0. Stay abreast of vulnerabilities.

New lines of attack are discovered all the time, so it is important to keep up to date. When you learn about new threats, alert others.

1. Detect vulnerabilities in your dependencies and upgrade.

Check for known vulnerabilities throughout the stack using a tool such as retire.js. Upgrade to the newer versions as soon as fixes are available.

2. Use a tool to block common attacks.

NPM's module helmetjs provides solutions for a number of common problems.

3. Don't trust submitted data.

Don't trust the data submitted from the client, whether it comes in the body or as parameters. This data may not be what you think it is. Vectors of attack include database query injection and ReDoS.

MongoDB is vulnerable to query injection much like SQL, but the fact that MongoDB's queries are JavaScript object makes this injection potentially even harder to notice. A query for {username: query.username} may have rather unexpected results when query.username is an object rather than a string.

Keep in mind that Node's qs module expands query parameters into JavaScript objects for you. So, check the type of the values you accept from the client.

Another risk that falls under the same header is "Regular Expression Denial of Service" (ReDoS) attack. Certain regular expressions can take a really really long time to compute when presented with certain kinds of long input. This can allow an attacker to bring your server down by submitting a query with a parameter that is a few hundred characters longer than you expected. If you expect user's input to be under certain length, consider truncating it at that length.

4. Prevent internal implementation disclosure.

Do not let Express tell the world your server is running express. This is one of the things helmet can do for you.

5. Avoid "chatty" error messages.

Error messages that provide a lot of context are great for development but may provide an attacker with unnecessary assistance. As a general rule, 400-level error messages should state what's wrong with the request so that the caller could correct it, but 500-level error messages shouldn't provide any details as to what happened.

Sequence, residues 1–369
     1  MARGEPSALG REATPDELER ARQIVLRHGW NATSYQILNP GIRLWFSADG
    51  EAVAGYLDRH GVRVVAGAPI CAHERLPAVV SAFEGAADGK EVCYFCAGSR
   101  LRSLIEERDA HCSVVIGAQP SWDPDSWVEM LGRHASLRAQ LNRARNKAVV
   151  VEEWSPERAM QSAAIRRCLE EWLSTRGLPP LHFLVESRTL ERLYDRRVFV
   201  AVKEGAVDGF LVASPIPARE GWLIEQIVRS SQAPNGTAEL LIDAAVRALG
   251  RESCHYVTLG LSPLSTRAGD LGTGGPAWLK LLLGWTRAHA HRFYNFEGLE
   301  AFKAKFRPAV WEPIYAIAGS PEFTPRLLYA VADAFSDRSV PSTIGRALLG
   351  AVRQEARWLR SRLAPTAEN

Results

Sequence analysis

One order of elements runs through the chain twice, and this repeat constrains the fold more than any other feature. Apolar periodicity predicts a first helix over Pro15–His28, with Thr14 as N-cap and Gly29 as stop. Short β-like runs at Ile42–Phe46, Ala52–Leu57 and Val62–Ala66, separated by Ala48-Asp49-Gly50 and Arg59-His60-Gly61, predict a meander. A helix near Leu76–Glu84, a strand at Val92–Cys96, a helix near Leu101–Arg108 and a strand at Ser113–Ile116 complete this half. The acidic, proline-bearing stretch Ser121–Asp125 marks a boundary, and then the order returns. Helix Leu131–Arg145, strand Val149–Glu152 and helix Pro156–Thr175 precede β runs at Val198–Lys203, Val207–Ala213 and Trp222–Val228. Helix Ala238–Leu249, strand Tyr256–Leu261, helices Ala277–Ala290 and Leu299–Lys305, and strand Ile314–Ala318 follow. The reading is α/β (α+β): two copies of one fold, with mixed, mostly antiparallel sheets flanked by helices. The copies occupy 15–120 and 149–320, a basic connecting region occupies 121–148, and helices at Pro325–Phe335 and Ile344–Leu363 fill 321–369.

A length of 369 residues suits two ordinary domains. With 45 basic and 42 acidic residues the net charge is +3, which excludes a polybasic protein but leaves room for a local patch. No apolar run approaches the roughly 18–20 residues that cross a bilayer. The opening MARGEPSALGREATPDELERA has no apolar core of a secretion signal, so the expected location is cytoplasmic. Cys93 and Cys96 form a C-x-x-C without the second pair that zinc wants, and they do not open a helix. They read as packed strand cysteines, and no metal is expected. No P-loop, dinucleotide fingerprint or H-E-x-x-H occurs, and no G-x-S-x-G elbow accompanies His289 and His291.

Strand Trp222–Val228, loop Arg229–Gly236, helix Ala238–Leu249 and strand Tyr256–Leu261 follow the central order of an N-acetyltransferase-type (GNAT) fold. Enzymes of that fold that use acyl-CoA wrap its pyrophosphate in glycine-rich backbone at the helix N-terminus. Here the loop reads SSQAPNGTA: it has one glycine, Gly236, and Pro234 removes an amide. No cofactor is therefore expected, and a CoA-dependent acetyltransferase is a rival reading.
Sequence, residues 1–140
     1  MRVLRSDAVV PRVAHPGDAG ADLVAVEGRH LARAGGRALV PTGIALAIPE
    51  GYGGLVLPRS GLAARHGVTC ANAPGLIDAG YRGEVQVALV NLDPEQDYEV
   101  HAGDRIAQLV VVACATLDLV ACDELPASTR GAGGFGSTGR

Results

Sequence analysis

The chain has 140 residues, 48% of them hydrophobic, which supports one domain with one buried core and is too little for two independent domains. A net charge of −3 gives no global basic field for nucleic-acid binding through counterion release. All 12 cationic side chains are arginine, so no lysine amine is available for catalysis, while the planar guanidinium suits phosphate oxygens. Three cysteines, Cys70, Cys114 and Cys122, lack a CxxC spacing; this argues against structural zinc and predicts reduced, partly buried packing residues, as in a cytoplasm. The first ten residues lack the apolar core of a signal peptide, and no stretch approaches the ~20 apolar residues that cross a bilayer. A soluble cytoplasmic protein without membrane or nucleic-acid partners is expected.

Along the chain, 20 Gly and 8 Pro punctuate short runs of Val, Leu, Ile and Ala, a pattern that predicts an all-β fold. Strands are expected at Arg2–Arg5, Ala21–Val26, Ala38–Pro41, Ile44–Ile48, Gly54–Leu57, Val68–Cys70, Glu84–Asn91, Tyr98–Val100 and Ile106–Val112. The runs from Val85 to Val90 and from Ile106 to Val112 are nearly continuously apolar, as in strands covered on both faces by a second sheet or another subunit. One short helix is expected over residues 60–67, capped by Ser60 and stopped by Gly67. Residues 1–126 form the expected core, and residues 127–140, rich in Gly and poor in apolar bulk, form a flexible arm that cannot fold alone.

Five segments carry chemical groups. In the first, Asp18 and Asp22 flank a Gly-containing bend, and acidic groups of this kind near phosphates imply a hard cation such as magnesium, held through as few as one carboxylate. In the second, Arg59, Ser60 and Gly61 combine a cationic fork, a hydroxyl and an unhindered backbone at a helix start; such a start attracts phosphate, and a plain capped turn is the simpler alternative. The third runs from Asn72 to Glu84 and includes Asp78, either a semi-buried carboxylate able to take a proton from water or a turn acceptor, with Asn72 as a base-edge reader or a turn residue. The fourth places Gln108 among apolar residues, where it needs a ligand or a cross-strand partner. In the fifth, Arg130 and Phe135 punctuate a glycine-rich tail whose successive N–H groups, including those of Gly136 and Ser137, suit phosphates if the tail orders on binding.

In most cases, a 500-level error code should not provide any further information beyond the actual status code. If something went terribly wrong on the server, "500 Internal Server Error" is all the client needs to know.

6. Disable development endpoints by default.

If you add any endpoints that are meant to be used in development mode only, make sure that they are disabled by default and must be actively enabled in development mode with a flag.

7. Handle recognized errors, but crash on unhandled ones.

You should handle errors that you recognize and know how to recover from. Do not attempt to recover from unrecognized errors, however. Let your process die.

If you do nothing, your NodeJS process dies upon an unhandled exception. This is the recommended practice. You can try to catch unhandled errors and log them, but the best thing to do after that is still to kill the process.

An unhandled error is by definition a bug. Something happened that the developer did not anticipate. At this point you do not know what state your process is in. Proceeding despite this brings a number of risks that you don't want to run. Instead, accept the defeat and let your process die. Use a service such as forever to restart your failed processes.

Crashing on unhandled exceptions highlights the importance of handling the exceptions that you know you can handle. You don't want people to stage denial-of-service attacks against your server by forcing it to crash repeatedly with simple requests.